Economic Fundamentalism and its Dangers
Articles
Povilas Gylys
Lietuvos teisės universitetas Ekonomikos katedra
Published 2002-12-01
https://doi.org/10.15388/Ekon.2002.16973
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How to Cite

Gylys P. (2002) “Economic Fundamentalism and its Dangers”, Ekonomika, 57, pp. 53–61. doi: 10.15388/Ekon.2002.16973.

Abstract

Explicit or (and) implicit ideologies, theories or conceptions are behind our visions, strategies, programmes and consequently actions. They serve as a cognitive frameworks and guidelines for majority of our endeavours.

Part of such theoretical frameworks suffer from fundamentalistic perception of reality, which is based on reduction of objects and spheres of reality to some parts, sides or elements. Economy alongside religion and politics is one of the sphere where fundamentalism is often present. Soviet fundamentalism and market fundamentalism arc the most vivid examples of economic fundamentalism of modem times.

Soviet fundamentalism was based on false reductionistic assumption that private entreprenership, market mechanism represent negative, even evil side of economic reality and that progressive and effective trends and forces are expressed exceptionally through sociality. Coercive collectivism and suppression of the market forces was both the theory and policy in the Soviet system. Soviet doctrine required to squeeze out market forces from official economy. Therefore these forces usually had to reappear on the “shadow”, informal side of economic life. Finally, Soviet system collapsed. The fundamentalistic, reductionistic, unrealistic character of it’s doctrine is the basic explanation of the demise of the system.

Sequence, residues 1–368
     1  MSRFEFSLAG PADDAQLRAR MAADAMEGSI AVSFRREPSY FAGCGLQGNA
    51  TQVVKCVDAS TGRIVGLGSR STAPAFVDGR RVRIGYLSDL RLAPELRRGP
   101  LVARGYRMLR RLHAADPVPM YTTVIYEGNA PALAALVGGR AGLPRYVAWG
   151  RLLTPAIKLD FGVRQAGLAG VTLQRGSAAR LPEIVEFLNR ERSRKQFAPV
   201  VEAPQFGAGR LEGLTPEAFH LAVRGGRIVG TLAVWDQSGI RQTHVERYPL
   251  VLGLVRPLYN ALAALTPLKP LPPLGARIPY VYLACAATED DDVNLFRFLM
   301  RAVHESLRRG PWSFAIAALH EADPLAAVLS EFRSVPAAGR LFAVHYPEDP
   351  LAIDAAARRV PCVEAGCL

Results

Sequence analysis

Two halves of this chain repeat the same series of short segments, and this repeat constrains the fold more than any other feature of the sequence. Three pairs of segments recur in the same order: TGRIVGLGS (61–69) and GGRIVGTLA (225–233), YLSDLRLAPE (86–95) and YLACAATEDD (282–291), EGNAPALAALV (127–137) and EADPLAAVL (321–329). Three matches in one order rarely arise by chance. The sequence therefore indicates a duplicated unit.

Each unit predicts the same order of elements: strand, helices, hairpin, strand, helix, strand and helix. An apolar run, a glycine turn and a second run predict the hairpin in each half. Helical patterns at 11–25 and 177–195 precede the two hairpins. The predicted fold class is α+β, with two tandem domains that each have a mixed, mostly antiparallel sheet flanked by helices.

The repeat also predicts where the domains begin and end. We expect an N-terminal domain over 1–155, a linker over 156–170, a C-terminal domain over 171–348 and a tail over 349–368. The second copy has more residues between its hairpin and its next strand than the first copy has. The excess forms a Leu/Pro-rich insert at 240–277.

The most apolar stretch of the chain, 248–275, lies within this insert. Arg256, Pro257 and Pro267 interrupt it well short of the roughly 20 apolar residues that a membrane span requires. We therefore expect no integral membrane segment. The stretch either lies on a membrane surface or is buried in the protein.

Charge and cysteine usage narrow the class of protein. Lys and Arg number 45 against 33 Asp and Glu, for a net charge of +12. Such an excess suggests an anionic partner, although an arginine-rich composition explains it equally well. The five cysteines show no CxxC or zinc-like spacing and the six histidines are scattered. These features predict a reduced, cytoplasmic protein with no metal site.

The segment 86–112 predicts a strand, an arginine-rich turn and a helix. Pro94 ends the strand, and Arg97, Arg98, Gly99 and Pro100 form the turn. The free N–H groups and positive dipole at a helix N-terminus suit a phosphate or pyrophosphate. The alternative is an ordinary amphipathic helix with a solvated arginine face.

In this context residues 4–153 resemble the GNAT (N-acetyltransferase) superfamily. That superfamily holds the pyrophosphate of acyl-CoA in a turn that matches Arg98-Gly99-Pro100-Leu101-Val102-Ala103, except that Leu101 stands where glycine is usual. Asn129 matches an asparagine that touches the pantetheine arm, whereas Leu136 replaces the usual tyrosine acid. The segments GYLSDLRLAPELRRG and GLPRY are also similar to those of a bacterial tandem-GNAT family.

In the process of transformation dominating economic doctrine in Lithuania as in the most Central and Eastern European countries became neoliberalism, which, in our view, represents another, opposite extreme - market fundamentalism. The heavy emphasis on individualism, believe in omnipotence and infallibility of market and treating sociality as an exogenous, external to economy are expressions of simplistic reductionism and thus fundamentalism.

In modem economy the role of sociality is important. This importance is increasing by growing demand for public goods. Being by their nature non-rivalry, non-market goods they play substancial role in the sustainable economic development not only locally, but globally as well. Therefore, market fundamentalism, which is unwilling or unable to admit the role of local and global public goods as products of sociality, if pursued as an official policy could hamper the normal economic development and could lead us to a blind alley.

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